The European Union's chief Brexit negotiator said Wednesday that Britain must meet tough conditions in divorce talks — and doesn't have long to do it — before the two sides can start looking at a future relationship.
Showing frustration with what Europeans consider British grandstanding and impatience with a dearth of clear proposals, the EU's Michel Barnier said Britain needs to make "sufficient progress" on all the initial issues — citizens' rights, the bill that Britain must pay to the EU and the Irish border — before talks can move to a future trade deal.
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Barnier said the three areas "are indivisible and intertwined," making clear that progress in two of the three would be insufficient to advance to the next stage.
And he insisted that Britain recognize it faces a bill of many tens of billions of euros to meet previous commitments it made as an EU member. Otherwise, he says, there's no point in discussing anything else.
"It's not an exit bill. It's not a punishment. It's not revenge — at no time has it been those things. It's simply a settling of accounts," he said.
Barnier dismissed British Foreign Secretary Boris Johnson's comment that the EU can "go whistle" if it will insist on Britain paying any excessive bill.
"I am not hearing any whistling, just the clock ticking," Barnier said, with the March 2019 deadline for Britain to leave the bloc drawing ever closer.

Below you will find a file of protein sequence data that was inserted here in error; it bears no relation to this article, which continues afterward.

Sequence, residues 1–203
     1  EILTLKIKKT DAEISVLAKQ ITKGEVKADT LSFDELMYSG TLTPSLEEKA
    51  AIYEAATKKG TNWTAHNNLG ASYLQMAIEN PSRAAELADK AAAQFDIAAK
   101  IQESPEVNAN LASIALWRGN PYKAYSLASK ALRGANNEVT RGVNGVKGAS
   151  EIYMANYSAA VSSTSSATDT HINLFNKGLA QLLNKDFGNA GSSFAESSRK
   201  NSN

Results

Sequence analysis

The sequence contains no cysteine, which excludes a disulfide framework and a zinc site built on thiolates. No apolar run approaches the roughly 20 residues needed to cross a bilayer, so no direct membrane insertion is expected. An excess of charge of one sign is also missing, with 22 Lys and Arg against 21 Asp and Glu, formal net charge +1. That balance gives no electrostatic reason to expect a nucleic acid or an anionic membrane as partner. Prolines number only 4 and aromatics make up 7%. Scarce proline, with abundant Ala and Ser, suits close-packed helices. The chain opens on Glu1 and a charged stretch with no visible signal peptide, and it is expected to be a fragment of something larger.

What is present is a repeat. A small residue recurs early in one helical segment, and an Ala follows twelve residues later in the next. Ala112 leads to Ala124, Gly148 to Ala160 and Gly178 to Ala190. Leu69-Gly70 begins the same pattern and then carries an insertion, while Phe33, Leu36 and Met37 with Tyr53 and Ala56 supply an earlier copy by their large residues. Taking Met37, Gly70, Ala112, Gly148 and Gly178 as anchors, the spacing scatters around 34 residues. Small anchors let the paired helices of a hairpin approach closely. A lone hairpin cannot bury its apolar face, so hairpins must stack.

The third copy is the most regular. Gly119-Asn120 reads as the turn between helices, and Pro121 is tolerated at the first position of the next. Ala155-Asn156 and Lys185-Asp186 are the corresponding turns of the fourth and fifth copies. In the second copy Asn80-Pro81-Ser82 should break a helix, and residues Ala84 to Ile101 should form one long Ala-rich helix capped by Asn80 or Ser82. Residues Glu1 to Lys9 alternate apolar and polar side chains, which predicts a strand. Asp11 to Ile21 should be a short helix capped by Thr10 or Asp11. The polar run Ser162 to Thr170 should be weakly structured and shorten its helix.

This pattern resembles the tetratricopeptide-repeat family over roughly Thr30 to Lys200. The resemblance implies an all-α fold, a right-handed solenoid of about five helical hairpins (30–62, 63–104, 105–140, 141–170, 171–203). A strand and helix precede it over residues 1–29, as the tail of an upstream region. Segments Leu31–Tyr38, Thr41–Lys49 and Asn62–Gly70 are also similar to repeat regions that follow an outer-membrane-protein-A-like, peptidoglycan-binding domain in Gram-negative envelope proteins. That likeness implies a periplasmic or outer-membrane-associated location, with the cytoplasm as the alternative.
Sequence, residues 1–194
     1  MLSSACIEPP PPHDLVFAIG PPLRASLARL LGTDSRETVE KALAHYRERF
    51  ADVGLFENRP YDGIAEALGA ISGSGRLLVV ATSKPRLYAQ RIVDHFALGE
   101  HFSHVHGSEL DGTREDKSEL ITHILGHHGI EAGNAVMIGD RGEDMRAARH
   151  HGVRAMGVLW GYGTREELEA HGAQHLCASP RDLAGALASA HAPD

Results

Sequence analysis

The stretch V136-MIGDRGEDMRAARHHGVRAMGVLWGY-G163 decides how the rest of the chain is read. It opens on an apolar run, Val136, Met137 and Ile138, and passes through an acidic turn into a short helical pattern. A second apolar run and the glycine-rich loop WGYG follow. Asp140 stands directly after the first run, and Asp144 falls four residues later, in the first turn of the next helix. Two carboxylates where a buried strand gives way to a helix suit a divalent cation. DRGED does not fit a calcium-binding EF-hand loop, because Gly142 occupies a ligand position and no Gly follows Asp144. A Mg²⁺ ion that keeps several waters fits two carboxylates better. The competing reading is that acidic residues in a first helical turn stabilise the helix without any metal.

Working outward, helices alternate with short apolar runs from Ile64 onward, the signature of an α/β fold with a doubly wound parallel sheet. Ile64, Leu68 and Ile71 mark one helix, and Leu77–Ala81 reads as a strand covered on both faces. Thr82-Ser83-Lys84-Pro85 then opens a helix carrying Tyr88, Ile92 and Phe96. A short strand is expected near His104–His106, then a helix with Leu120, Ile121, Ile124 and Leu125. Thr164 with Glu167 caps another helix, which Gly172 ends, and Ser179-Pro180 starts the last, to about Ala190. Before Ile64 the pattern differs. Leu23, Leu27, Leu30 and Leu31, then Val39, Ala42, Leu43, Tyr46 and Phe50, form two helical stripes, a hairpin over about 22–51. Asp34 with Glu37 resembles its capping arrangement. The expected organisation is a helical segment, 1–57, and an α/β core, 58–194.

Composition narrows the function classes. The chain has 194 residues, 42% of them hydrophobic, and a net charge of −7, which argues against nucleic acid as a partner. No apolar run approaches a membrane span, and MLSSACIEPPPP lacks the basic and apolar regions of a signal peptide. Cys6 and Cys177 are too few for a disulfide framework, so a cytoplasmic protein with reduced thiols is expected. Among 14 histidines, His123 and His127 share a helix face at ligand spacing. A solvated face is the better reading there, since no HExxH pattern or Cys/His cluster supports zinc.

Estimates of the amount Britain that must pay to cover pension liabilities for EU staff and other commitments such as farming subsidies to humanitarian aid have ranged upward to 100 billion euros ($114 billion).
He said questioning such issues as financial obligations cuts to the heart of any future relationship.
"How do you build a relationship which is going to last with a country where you don't have trust?" Barnier asked. Trust, he said "means settling accounts."
Barnier said he "could not imagine that a very great country like the U.K." would not also "be a responsible country and respect its commitments."
After Barnier briefed the EU Commission on the negotiations, he spoke to reporters, and exuded some impatience with the British government for letting valuable time in the two-year negotiating slot go to waste.
After triggering the two-year divorce negotiations in March, British Prime Minister Theresa May decided to call an early election to strengthen her hand — only to lose her Conservative majority and add to the political chaos in a country deeply divided over Brexit.
"We are ready. My team is ready," said Barnier, adding he was even "ready to work through the 14th of July" — France's Bastille Day holiday.
The first issue being addressed by the two sides — citizens' rights for people living in each other's nations — is already posing serious problems. The European Parliament has dismissed the proposals made by May, calling them insufficient and burdensome.
The European Parliament's input is important since it could veto any deal.
Jill Lawless reported from London.